October 29, 2012
Lithuanian politics were in turmoil Monday after the president moved to block three opposition parties from forming a new government because one of them is accused of vote buying and fraudulent financing. The unexpected development complicated coalition talks after Sunday’s parliamentary election, which saw the center-right government punished by austerity-weary voters.
The main opposition Social Democrats won the vote and announced plans to form a left-leaning government with the Labor Party, which finished third, and the fourth-placed Order and Justice party.
But President Dalia Grybauskaite, a former EU budget commissioner, told reporters she couldn’t accept a government that included Labor because of the fraud allegations against it.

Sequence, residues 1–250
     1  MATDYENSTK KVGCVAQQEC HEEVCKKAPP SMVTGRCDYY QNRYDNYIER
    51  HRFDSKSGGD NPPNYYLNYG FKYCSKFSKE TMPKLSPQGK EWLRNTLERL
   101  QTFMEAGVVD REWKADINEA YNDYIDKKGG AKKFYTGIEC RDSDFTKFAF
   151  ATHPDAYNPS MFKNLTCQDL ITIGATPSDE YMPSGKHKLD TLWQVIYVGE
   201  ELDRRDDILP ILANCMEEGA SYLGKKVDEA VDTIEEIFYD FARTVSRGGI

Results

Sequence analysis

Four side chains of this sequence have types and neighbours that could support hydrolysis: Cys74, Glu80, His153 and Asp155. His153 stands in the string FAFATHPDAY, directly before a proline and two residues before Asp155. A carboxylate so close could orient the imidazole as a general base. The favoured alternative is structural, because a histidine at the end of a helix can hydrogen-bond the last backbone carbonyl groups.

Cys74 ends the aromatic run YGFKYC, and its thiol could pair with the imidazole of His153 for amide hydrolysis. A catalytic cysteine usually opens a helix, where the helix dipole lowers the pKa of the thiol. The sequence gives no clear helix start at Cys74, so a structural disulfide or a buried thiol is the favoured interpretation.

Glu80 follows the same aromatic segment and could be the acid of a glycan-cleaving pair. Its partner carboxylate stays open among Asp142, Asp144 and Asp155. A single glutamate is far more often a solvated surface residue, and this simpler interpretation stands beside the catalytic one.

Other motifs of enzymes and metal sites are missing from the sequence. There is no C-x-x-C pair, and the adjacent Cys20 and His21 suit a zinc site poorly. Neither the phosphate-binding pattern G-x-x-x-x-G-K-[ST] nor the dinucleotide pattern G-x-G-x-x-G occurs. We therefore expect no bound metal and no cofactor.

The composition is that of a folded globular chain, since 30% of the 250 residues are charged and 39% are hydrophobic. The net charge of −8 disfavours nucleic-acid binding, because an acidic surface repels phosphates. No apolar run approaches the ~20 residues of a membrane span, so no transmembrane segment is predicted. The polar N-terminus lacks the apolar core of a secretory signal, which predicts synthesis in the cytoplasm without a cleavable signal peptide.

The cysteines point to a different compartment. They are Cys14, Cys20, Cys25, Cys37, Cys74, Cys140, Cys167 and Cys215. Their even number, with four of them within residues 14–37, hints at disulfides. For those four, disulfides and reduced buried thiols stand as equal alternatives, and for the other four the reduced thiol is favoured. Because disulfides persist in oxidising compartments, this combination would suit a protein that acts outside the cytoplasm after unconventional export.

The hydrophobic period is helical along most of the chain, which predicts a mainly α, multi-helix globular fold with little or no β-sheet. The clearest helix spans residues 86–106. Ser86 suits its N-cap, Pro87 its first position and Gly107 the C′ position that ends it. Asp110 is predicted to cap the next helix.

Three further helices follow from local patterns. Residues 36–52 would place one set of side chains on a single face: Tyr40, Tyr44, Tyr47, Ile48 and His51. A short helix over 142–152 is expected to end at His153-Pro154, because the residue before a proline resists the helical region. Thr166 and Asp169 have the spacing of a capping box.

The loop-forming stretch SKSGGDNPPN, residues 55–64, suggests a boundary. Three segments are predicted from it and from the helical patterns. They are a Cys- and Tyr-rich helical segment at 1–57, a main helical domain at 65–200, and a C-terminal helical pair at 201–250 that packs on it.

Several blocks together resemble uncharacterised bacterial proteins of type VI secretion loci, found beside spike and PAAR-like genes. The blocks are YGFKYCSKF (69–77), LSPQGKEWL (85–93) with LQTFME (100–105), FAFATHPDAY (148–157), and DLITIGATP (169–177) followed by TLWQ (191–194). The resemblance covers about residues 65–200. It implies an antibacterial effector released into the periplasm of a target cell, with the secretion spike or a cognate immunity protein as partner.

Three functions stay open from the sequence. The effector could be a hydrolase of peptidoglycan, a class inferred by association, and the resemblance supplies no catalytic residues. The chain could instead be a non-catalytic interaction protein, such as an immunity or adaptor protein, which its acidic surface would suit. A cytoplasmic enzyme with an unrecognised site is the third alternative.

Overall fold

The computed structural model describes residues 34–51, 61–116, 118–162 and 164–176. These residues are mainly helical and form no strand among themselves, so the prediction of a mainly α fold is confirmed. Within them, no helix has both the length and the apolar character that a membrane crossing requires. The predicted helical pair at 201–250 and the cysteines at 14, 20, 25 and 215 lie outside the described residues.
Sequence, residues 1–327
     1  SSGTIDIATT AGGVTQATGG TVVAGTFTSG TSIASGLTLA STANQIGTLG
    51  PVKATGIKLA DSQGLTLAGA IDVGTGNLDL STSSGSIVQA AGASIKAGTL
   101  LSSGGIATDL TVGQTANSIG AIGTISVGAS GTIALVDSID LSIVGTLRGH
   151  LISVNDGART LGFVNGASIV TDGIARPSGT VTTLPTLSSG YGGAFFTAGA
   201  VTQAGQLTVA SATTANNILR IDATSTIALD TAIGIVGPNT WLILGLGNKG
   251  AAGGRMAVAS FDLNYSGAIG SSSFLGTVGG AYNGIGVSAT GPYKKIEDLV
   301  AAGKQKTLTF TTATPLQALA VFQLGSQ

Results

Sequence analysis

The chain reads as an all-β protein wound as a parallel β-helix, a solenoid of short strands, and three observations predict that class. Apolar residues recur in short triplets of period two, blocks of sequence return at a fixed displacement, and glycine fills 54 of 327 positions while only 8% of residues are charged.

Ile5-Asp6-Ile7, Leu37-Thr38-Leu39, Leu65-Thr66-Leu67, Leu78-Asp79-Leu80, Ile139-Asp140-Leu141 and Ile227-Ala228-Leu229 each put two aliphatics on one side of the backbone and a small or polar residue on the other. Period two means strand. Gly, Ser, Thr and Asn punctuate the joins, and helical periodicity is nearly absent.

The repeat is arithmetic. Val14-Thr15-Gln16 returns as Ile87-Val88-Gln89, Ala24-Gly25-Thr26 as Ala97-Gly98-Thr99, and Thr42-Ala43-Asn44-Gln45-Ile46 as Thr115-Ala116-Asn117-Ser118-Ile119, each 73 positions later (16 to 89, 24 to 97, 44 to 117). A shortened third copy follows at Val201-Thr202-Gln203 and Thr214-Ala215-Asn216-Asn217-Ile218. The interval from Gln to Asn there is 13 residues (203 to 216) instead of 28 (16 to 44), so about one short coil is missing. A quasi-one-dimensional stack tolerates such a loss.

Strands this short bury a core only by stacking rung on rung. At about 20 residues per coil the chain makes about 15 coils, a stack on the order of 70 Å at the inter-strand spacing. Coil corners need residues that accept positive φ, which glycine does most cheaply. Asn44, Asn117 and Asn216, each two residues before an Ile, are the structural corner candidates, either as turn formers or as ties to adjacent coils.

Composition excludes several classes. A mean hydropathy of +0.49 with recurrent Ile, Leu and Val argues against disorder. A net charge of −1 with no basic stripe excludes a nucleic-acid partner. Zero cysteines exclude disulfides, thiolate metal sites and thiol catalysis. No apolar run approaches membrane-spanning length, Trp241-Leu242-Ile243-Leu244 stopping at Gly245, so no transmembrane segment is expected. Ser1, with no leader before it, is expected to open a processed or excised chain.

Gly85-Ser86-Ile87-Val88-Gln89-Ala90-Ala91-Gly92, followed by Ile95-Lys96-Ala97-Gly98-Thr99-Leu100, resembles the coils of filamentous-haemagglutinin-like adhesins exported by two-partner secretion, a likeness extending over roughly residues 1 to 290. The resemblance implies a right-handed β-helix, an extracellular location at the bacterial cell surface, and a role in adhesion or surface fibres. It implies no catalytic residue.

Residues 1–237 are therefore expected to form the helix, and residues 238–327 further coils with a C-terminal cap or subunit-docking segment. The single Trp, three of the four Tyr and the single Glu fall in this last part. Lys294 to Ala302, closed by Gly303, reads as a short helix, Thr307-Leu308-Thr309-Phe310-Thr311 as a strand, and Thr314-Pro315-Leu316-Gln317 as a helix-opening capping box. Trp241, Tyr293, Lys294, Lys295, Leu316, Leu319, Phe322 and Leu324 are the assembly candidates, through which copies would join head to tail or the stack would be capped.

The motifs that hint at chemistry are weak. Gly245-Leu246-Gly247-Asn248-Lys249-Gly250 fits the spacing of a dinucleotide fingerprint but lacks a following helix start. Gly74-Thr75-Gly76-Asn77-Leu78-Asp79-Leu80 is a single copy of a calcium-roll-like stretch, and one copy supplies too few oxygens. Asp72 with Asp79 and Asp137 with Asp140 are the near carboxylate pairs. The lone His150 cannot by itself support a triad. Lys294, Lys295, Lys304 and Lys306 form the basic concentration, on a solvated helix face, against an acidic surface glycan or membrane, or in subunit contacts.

Lithuanian prosecutors and election officials have accused at least two Labor Party members of vote buying, with one allegedly purchasing votes from prison inmates. In addition, Russian-born party leader Viktor Uspaskich is under criminal investigation for his alleged role in fraudulent party financing.
The president said she was ready to ask the Social Democrats to form a government, but without Labor it would need to find another coalition partner to secure a majority in Parliament.
That could open the door for Prime Minister Andrius Kubilius’ conservative party, which finished second in the election. Kubilius has suggested to reporters that his party is open to coalition talks with the Social Democrats.